Another avenue of approach consists of using the physics of FEAVO to generate a velocity/absorption anomaly section, and then to use it for imaging, which will eliminate FEAVO. Woodward (1987), Claerbout (1993), Bevc (1994), and Harlan (1994) follow the template laid out by Kjartansson (1979): (1) Generate a bidimensional midpoint-offset map of FEAVO effects as expressed in either the traveltime or the amplitude of unmigrated data. (2) Obtain the transmission anomaly section by inputting the map obtained at step 1 into an inverted operator. At first sight, the tomographic seismic amplitude correction in Harlan (1994) appears quite successful, managing to eliminate the FEAVO effects along particular well-defined reflectors one at a time by computing transmission anomaly sections used to correct the amplitudes. Nevertheless, he states that the transmission anomaly sections generated for different reflectors appear inconsistent, and that simultaneous inversion did not improve things. For ``cleaning'' the FEAVO effect the process must be repeated for each particular reflector, and it involves picking, a process prone to errors in the case of weaker reflectors. Most of these approaches suffered because of using ray theory, and all of them because they were working in the data domain, before migration eliminates other propagation effects. Also, none of them used all the FEAVO characteristics described in a previous section at the same time. Since this information is not redundant, all is necessary to properly characterize the FEAVO sources.
Vlad and Biondi (2002), Vlad (2002) and Vlad et al. (2003a) propose an approach that follows the strategy of finding a correct velocity model and imaging with it to get rid of FEAVO. Vlad (2004b) refine it further. This method proceeds as follows:
(1) Find the background velocity sufficiently well to flatten the ADCIGs, except for FEAVA effects.
(2) Perform prestack depth migration and transformation to ADCIGs.
(3) Process the ADCIGs so that in the end they contain only FEAVA effects, in the manner of Figure . Areas where no focusing effects are present are zeroed. In areas where FEAVA is overimposed with ``legitimate'', lithological AVA (everywhere else), the lithological AVA is found and subtracted, so that only FEAVA effects remain. The processed ADCIGs are called a ``image perturbation''.
(4) The image perturbation is transformed from ADCIGs to offset, fed into the adjoint of wavefield-extrapolation migration, then becomes input for inverse linearized downward continuation. The end product is a velocity update.
(5) The velocity field is updated and a new iteration proceeds.
This is an adaptation of Wavefield-Extrapolation Migration Velocity Analysis (WEMVA), an iterative inversion method described by Sava (2004). Figure provides a flowchart. In essence, WEMVA linearizes and inverts the whole process of transforming a dataset and a velocity model into ADCIGs.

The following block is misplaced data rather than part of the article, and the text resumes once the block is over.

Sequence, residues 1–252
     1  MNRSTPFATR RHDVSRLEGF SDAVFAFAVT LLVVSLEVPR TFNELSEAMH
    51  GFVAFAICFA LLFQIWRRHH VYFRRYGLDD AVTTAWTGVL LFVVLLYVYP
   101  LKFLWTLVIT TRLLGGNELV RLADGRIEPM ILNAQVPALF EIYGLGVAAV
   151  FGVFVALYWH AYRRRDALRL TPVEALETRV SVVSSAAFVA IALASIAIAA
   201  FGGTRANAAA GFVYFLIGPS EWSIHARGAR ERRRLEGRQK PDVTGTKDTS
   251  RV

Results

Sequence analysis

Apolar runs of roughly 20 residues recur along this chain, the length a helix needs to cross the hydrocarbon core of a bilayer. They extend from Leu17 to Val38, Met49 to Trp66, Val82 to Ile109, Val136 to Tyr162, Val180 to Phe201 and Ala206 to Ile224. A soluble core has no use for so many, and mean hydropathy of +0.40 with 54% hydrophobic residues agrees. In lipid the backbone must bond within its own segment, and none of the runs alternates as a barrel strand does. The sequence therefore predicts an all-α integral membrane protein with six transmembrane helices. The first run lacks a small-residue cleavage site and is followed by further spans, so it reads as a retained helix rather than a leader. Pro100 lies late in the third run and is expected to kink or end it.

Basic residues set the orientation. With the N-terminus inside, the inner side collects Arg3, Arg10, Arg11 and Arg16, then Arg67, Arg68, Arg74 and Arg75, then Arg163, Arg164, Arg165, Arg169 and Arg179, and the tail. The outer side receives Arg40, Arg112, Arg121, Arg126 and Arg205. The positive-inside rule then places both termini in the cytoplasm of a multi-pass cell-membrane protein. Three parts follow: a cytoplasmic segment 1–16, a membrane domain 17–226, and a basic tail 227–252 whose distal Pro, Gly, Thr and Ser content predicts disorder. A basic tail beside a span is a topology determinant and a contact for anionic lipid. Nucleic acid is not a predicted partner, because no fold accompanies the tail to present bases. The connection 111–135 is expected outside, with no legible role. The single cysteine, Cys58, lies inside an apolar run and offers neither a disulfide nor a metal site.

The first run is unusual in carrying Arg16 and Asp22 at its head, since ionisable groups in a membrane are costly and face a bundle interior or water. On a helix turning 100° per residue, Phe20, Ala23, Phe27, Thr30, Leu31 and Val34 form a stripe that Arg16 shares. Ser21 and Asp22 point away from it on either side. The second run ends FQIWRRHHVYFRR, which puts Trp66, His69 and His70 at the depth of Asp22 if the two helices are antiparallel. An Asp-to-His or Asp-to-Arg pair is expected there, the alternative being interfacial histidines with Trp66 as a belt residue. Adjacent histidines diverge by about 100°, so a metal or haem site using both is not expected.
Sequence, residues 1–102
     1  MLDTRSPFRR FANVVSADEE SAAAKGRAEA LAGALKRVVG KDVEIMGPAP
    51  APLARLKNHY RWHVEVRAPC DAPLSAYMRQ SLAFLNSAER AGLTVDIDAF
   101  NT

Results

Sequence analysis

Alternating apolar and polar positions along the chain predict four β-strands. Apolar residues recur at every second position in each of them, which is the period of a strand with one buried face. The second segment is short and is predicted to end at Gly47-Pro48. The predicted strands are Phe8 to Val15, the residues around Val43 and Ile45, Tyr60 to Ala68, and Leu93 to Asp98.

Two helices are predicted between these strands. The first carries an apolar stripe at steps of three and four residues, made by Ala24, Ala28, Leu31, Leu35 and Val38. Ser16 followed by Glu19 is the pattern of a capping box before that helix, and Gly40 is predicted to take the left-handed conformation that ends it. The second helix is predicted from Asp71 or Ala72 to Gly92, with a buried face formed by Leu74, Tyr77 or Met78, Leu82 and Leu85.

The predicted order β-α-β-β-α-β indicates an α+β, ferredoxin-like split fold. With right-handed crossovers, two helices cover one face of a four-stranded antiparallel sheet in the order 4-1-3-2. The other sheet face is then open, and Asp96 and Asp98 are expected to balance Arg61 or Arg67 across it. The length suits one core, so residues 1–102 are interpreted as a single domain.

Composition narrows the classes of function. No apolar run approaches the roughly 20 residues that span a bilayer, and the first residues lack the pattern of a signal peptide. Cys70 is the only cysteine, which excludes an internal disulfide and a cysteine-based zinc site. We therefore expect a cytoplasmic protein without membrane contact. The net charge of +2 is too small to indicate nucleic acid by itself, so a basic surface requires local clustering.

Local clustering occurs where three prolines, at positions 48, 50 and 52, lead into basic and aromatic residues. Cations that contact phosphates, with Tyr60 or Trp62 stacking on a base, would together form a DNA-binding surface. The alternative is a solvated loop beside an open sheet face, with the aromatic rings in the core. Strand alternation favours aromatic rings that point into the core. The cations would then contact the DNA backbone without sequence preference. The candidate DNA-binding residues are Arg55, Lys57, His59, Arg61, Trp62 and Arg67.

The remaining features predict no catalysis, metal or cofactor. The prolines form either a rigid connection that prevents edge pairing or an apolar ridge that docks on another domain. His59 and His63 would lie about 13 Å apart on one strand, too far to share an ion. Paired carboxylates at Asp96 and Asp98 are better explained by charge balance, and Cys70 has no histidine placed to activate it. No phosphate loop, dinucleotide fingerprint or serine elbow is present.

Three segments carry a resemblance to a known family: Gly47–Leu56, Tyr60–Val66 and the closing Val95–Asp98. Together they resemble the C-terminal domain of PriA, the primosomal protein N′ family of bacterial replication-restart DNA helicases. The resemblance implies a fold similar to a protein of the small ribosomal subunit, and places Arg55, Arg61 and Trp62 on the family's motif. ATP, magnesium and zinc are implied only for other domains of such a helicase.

wemva
Figure 15 WEMVA flowchart. From Vlad and Tisserant (2004). |
This is a complex machinery which invites several questions. What can go wrong? How large are the errors introduced by the inverse linearized downward continuation? Vlad et al. (2003a) explore in detail the answers. Provided an optimal image perturbation (with the help of a synthetic dataset), WEMVA manages to produce velocity updates that eliminate FEAVO from the ADCIGs through migration. The only step left to accomplish is extracting the FEAVA-only image perturbation.
Vlad (2004b) deals specifically with this issue. The (revised since then) FEAVA extraction process from the ADCIGs consists of the following steps:
(1) Detect: Use the FEAVA detector to keep all that can possibly be FEAVA. Set a threshold and zero the rest of the values in the ADCIGs.
(2) Focus: Take the absolute value/envelope of the output of (1) and run a weighed summation operator along precomputed velocity-dependent FEAVA surfaces. Semblance will not work because it will be attracted by higher coherence along the reflectors. The summation weights will consider the finite spatial extent of the FEAVA effects and may be negative in the exterior according to the extent of the bright/dim zones predicted by theory.
(3) Filter the output of (2) in the manner of Harlan (1986) to keep only the high semblance values.
(4) Spread back along the FEAVA surfaces, with weights, to obtain a weighted mask that indicates the probability of FEAVA presence in any voxel in ADCIGs. Zero everything in ADCIGs outside the mask.
(5) Interpolate reflector-caused lithological AVO inside the mask from values outside the mask and geologic information.
(6) Subtract the output of (5) from the corresponding unaltered values in ADCIGs at the respective locations.
Needed: a working implementation of the image perturbation extraction process described above. |
FEAVA effects are a suitable input for WEMVA because the small traveltime effects makes them satisfy easily the Born approximation required from WEMVA inputs. There are variations of WEMVA which are not subject to the Born constraints Sava and Symes (2002), but they incorporate the image perturbation extraction step inside the inversion process, making it difficult to isolate errors that may appear during the design and prototyping of the FEAVA extraction procedure described above.
WEMVA coupled with FEAVA extraction in the manner described above has many strengths that previous approaches did not have. It considers every aspect of FEAVO, it uses wavefield-extrapolation methods, and it takes the input of the inversion from the image domain. Potential weaknesses lay in the subjectivity associated with the image perturbation extraction, with the cost (each linear solver iteration contains a prestack downward continuation and a prestack upward continuation; several solver iterations are required for a single step of WEMVA.) and with the fact that it does not consider absorption, which is likely to exist in real data.